Tell me if this sounds familiar.
- You work 8-10 hour days hunched over your laptop, hardly stopping for water or food.
- You go back to work after dinner to knock off “just a few more things” from your to-do list but then go to bed feeling restless.
- You then dream about work and sometimes wake up with nightmares about the day ahead or things you forgot to do.
- You spend your weekend trying to “catch up” on work instead of devoting time to family, self-care, or hobbies
- You feel guilty when you do indulge in well-deserved rest.
- You tell yourself you should be doing something more productive with your downtime.
- You don’t feel restored even after taking a few days off.
Do any of the above statements sound like you? Then you’re likely overworking and on a surefire path to burnout.
While giving yourself time to rest may seem like the most obvious way to resolve this exhaustion, taking breaks is easier said than done for many Sensitive Strivers.
Sensitive Strivers and the Vicious Cycle of Over-functioning
Sensitive Strivers bring a deep sense of responsibility to everything they do.
You can be relied on to follow through, keep your word, and meet deadlines. You’re driven and tirelessly committed, which in most instances, can be tremendous strength.
But if left unchecked, that sense of responsibility can devolve into over-functioning – a state where Sensitive Strivers prioritize their professional duties ahead of their own personal needs.
When this happens it creates a vicious cycle wherein guilt sabotages your time off.
Take my client Sophia, for instance.
Sophia worked at a company that provided essential software to employees informed during COVID. She was a rising star on her team and her direct manager was grooming her for a fast-track from people manager to senior director.
Sophia confessed to me that she felt as if she was on a hamster wheel. Every project was like a ticking time bomb that required her careful oversight. She felt as if she couldn’t step away, yet was emotionally drained and mentally depleted.
Sophia tried taking breaks during the day and attempted to stop work at a reasonable hour. But each time she did, she was haunted by guilt and self-criticism. She beat herself up for not doing enough. She’d spend her downtime feeling anxious and distracted.
Perhaps you can relate to Sophia’s story. I’m hearing from many Sensitive Strivers who are working harder than ever before despite working from home. Their days are book solid with meetings from morning through evening, with no pause for lunch or even a bathroom break.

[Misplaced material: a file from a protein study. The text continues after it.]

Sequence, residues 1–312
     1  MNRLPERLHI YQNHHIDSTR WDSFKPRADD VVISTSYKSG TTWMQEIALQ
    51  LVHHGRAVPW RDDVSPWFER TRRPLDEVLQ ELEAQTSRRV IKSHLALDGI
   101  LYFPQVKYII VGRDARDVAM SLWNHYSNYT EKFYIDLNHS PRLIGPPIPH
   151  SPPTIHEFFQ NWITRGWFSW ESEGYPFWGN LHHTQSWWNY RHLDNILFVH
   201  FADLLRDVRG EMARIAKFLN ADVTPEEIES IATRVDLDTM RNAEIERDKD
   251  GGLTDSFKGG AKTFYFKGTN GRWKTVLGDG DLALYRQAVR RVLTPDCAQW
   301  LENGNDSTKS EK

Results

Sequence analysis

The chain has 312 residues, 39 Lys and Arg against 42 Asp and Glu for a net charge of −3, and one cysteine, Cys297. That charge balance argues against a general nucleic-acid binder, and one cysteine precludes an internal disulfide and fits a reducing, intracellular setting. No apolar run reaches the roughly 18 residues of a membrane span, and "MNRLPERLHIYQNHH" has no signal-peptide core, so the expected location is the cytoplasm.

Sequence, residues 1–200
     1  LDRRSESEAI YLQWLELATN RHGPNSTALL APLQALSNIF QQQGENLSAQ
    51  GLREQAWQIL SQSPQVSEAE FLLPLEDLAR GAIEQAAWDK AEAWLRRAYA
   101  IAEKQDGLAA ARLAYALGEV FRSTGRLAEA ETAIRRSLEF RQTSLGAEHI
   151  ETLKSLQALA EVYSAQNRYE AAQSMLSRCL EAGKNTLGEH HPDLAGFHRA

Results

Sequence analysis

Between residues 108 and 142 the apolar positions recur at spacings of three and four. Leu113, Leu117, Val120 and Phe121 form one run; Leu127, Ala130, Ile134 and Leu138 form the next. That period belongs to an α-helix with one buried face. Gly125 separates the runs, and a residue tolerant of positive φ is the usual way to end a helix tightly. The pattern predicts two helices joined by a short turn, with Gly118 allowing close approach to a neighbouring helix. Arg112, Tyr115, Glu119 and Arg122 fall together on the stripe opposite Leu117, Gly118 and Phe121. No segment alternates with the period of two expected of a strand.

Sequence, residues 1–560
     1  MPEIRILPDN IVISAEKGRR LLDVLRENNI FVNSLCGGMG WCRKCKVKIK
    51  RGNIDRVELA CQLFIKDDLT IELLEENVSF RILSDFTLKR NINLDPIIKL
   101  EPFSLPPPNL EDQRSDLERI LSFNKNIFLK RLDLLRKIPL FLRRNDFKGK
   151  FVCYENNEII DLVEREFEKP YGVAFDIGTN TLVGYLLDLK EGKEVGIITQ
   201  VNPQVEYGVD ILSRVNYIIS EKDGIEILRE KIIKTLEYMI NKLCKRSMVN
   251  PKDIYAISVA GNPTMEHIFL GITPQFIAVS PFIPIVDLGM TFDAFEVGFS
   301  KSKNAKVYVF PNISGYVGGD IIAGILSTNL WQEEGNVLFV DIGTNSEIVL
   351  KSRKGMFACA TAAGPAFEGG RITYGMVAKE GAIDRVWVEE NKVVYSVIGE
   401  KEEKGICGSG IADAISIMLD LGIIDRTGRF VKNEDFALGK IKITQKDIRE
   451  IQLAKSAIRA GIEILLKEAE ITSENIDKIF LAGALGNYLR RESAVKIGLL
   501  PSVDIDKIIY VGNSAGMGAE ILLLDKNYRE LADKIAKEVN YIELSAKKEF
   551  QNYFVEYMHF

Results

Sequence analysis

One reader even told me she feels like an addict – all she does is get up, work, go to sleep, and do it all over again.
Why Sensitive Strivers Struggle to Take Time Off
Sensitive Strivers have off-the-charts empathy, which can make it hard to say no and set boundaries. As a result, you may too readily accommodate every request that comes your way and find it hard to push back or speak when you should. Poor boundaries can also blur the lines between work and personal time. You may struggle to “turn off” at the end of the day and allow work to bleed into your time, as well as your mind, even when you’re off the clock.
Desire to prove your value
Imposter syndrome plagues many Sensitive Strivers. Insecurity and a lack of confidence can lead to overcompensation. That is, you may work more in order to feel good about yourself. You may try to provide value by accomplishing more, which can be antithetical to giving yourself a break when you need it. You’re not proving your dedication by always being on––you’re undermining your performance.
Perfectionism isn’t really about being detail-oriented. Fundamentally, it’s about overemphasizing your weaknesses and underestimating your strengths. Sensitive Strivers who struggle with perfectionism are self-critical and obsess over their shortcomings (no matter how irrational). They hold themselves to unrealistically high, exacting standards. They feel a compulsion to follow through on every task, even when it’s not important.
7 Ways to Emotionally Detach from Work and Relax Without Guilt
Take heart, because not all is lost. Changing your relationship with downtime is first and foremost an inner job. It involves shifting your mindset to let go of guilt and value long-term sustainability instead.
1 – View relaxation as investment
I know, I know, you’re probably rolling your eyes, but hear me out. Your brain is like a muscle and it’s not designed to go at full speed constantly. Just like the rest of your body, your brain needs time to recoup so it can grow stronger.
High-achievers often dismiss this idea because it sounds lazy and passive. Here’s a quick tip to counter that: switch out “rest” for “recovery”. Rather than telling yourself you need to rest, reframe it as recovery. Recovery is a more active, purposeful process, which will remind you that your downtime is both meaningful and necessary.